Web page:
Yesterday the Sunday New York Times style section featured an article about Twitter, the social engine that is driven by users posting short blurbs on the mundane goings on in their life ("micro blogging"), the stuff that no friend or even relatives would really have any interest in knowing about.
Appealing to a voyeuristic impulse driven by a generation raised on disconnection and instant gratification satiated by “reality television,” online porn, video gaming, increasingly short formed entertainment, and email that has replaced the need to connect by phone or in person, Twitter is as much about connection as chewing gum is about nutrition. But yet, you will find hundreds, sometimes thousands, of people following the random, mindless white noise events of another humans life. Giving away their finite time on this great earth, to track events and opinions as such (here is a random sampling):
Hungover, dim sum is my favorite. Shakes are stopping. – 161 followers
I'm at bar camp la. – 887 followers
I am sooo grateful for getting an extra hour of sleep. Thank you, DST! – 648 followers
Adding 40 friends on facebook - 4226 followers
What is driving not only Twitter but the whole social network phenomena is the need for acceptance and validation; the bigger the number of “followers” or “friends” you have the more “important” you are. Your life is now a essentially a video game, with the winner ranked at the top. The New York Times wrote about one highly connected user Chris Messina and his opinion on Twitter,
“You can be overwhelmed with feeling alone when you are used to being connected all the time, “ he said, calling Twitter entries “sonic pulses that let you know, hey, we’re really not that alone after all.”
The truth is that you are alone Chris. If Naom Cohen of the Times didn’t say it, I will. Sonic pulses are good food MRI’s but not for human connection. We can create tools that make our life longer, easier or more efficient, a vacuum cleaner, a phone, indoor plumbing, the polio vaccination, but Twitter accomplishes nothing truly relevant. It does not make human interaction more efficient, nor does it help you get more connected, it feeds you an illusion of connection - for which you pay for with your time (helping build someone else's business model in the process). Let’s get real folks, just because it sells (or makes you feel good in the short run) doesn’t mean it ever should have it made it to the market.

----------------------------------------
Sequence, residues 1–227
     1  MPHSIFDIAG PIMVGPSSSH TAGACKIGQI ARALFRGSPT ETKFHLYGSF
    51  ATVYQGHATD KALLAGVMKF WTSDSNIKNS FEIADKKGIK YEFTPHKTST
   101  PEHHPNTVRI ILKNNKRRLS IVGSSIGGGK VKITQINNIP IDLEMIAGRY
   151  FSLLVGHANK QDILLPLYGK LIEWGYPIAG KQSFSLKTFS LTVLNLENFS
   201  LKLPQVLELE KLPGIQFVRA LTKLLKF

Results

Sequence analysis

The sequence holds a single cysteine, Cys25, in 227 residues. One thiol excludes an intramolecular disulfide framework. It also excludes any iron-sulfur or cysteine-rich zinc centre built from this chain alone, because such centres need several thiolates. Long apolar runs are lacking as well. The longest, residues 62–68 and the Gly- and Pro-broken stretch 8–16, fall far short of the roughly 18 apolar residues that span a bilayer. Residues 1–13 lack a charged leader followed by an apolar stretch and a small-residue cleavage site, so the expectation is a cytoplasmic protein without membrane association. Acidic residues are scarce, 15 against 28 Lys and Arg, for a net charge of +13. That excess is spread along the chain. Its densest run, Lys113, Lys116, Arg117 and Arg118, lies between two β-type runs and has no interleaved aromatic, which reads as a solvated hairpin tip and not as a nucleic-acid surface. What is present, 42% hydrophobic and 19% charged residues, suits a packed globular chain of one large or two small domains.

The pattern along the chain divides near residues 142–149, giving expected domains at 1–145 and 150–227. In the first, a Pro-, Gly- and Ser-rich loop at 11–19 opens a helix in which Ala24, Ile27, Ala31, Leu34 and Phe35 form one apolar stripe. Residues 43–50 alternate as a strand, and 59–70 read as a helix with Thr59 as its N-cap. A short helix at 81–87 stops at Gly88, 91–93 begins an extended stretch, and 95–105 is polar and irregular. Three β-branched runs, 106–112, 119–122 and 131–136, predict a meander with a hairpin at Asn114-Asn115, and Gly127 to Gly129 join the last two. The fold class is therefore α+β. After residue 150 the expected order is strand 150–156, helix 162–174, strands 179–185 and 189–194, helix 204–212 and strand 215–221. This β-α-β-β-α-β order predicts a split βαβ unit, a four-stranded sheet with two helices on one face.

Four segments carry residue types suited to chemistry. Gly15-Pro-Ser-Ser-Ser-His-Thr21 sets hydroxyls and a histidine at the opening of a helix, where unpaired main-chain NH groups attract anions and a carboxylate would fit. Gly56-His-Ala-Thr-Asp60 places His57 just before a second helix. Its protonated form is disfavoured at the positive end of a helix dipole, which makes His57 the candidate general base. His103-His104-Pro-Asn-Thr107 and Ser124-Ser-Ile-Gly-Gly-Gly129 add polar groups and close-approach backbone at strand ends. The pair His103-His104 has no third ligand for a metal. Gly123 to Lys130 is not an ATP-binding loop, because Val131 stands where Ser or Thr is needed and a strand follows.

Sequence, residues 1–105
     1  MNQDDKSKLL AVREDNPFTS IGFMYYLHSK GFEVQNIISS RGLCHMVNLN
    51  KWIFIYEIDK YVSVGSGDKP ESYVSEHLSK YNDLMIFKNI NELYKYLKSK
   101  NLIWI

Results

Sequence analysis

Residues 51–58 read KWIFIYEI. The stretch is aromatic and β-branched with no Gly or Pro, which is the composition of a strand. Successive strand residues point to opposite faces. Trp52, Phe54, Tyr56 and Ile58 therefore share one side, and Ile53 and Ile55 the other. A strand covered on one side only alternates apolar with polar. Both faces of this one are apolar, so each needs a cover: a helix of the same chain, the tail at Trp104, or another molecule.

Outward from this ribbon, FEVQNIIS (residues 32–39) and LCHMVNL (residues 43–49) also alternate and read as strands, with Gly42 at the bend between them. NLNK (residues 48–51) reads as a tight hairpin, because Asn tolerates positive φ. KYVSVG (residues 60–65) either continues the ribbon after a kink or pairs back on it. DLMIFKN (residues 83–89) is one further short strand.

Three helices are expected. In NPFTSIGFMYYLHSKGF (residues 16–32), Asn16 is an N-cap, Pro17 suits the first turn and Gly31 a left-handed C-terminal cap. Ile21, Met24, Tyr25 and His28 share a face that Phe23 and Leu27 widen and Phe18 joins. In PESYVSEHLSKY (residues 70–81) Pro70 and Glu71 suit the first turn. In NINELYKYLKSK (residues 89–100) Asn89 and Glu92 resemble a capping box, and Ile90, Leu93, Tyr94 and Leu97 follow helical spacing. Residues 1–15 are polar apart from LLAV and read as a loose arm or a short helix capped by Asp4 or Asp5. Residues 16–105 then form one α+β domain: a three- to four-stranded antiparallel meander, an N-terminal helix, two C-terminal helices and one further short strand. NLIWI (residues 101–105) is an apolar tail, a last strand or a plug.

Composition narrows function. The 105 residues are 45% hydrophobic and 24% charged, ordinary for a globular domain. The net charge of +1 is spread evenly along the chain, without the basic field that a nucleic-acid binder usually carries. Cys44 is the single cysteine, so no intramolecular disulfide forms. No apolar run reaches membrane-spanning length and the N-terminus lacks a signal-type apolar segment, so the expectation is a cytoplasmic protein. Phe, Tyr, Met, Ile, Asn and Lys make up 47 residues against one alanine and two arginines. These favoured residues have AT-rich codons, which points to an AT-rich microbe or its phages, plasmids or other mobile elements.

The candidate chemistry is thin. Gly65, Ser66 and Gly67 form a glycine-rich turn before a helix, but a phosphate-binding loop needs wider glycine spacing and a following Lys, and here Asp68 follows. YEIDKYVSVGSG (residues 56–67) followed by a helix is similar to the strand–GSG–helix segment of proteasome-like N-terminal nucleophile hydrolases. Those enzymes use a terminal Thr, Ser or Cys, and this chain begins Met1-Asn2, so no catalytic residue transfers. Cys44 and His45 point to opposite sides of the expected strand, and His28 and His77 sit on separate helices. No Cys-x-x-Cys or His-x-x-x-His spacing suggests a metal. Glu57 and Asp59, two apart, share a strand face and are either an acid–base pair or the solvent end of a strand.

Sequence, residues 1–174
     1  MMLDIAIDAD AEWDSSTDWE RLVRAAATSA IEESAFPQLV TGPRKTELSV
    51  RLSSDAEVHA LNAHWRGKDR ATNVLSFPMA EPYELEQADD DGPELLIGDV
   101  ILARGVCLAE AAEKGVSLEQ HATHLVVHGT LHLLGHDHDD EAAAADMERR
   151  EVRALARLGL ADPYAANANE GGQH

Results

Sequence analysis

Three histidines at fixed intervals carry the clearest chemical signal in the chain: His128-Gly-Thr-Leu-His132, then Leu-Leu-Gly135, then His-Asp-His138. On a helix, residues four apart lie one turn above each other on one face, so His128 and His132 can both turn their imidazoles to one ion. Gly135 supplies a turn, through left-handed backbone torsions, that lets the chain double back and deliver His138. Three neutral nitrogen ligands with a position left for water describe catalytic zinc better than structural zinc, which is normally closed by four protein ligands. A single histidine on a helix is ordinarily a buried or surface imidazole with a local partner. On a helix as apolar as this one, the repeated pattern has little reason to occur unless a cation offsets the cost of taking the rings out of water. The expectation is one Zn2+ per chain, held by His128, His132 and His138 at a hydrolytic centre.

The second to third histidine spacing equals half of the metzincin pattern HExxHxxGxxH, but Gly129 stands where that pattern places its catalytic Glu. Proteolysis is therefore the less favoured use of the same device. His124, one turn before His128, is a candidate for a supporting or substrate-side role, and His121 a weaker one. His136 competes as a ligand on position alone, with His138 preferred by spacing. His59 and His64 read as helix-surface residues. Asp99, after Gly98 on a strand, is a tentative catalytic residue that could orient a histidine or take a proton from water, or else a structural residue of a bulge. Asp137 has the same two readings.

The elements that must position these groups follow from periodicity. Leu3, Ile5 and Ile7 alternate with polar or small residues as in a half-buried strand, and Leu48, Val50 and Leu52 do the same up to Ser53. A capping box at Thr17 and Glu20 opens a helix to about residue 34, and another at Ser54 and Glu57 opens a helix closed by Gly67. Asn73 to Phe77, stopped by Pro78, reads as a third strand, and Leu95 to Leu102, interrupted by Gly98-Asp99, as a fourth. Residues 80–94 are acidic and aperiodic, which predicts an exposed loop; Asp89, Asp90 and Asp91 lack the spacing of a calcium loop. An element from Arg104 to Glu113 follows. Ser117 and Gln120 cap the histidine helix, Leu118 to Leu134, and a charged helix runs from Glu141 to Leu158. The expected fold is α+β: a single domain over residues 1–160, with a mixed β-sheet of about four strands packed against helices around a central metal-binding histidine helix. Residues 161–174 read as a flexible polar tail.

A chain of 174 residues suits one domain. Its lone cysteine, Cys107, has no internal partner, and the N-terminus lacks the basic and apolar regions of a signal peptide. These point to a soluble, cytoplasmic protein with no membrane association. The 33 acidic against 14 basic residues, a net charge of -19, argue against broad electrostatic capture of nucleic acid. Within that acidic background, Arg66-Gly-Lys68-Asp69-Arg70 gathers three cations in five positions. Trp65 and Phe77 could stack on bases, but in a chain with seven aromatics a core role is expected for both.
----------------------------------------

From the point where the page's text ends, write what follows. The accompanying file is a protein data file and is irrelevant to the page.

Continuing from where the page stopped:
I am horrified to see kids that define play by sitting on a coach for hours and being plugged in to a virtual world, and unplugged from the real world, or men being sucked into the black hole of online sex and unplugging from the real intimacy in their own bedrooms, or DVD players in cars that keep kids looking at Elmo instead of the going on of the world just outside their window. The problem is that we are tearing ourselves away from the natural rhythm of how we are as a species connected to one another and the planet. No technology is going to transform the millions of years of rhythms and flow of the cycle of life. Yet, we are systematically re conditioning how we engage with ourselves, one another and our planet and the result is an artificial construction that is as out of whack as a cancer in a living system.
Many of us who are trying to live more mindfully are allergic to excessive consumerism, over scheduling, and being inundated by the overload of media and information. We look for quality, not quantity. We do not want speed in our life, but depth in our life. We want things that last from clothes, to toys for our kids, to our homes our built to how our relationships are built. We do not want fast food, but whole food. We do not want the magic pill that makes it “go away,” but want to know the cause of our imbalance and systems that look a whole person for healing. We want to feel our humanity in whole, and honor the time and process that it requires. We want to plug into the natural cycle of who we are, and for this – there is no instant fix.. We do not want sonic pulses, we want human touch. We want quality in real friends, instead of quantity in illusionary friends. We do not want to be "plugged into the Matrix," and certainly not by our own hand.
Twitter and the social network phenomena points to one obvious reality, that humans deeply and desperately want to connect, but platforms like these are the McDonald's of human connection – quick, bad for you, nutritionally empty, and fed on giving the least healthy thing to as many people as possible – for one simple purpose, money. I for one, remain, thankfully far from the drive thru window, and I am sure in good company.